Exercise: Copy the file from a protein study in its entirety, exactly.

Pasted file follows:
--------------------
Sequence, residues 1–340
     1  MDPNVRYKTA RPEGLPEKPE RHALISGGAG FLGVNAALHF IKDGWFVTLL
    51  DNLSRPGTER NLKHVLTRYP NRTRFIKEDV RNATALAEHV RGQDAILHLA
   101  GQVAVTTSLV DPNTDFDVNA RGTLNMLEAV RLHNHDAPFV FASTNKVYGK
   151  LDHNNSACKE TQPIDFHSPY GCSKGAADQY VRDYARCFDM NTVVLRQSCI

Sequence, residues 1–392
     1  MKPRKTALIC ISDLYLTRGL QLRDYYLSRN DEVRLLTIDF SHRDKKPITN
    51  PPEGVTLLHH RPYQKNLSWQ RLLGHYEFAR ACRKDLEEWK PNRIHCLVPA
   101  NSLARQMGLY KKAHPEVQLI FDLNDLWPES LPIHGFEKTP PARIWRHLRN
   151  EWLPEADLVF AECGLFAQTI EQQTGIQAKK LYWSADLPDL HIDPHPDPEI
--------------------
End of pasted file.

Sequence, residues 1–340
     1  MDPNVRYKTA RPEGLPEKPE RHALISGGAG FLGVNAALHF IKDGWFVTLL
    51  DNLSRPGTER NLKHVLTRYP NRTRFIKEDV RNATALAEHV RGQDAILHLA
   101  GQVAVTTSLV DPNTDFDVNA RGTLNMLEAV RLHNHDAPFV FASTNKVYGK
   151  LDHNNSACKE TQPIDFHSPY GCSKGAADQY VRDYARCFDM NTVVLRQSCI

Sequence, residues 1–392
     1  MKPRKTALIC ISDLYLTRGL QLRDYYLSRN DEVRLLTIDF SHRDKKPITN
    51  PPEGVTLLHH RPYQKNLSWQ RLLGHYEFAR ACRKDLEEWK PNRIHCLVPA
   101  NSLARQMGLY KKAHPEVQLI FDLNDLWPES LPIHGFEKTP PARIWRHLRN
   151  EWLPEADLVF AECGLFAQTI EQQTGIQAKK LYWSADLPDL HIDPHPDPEI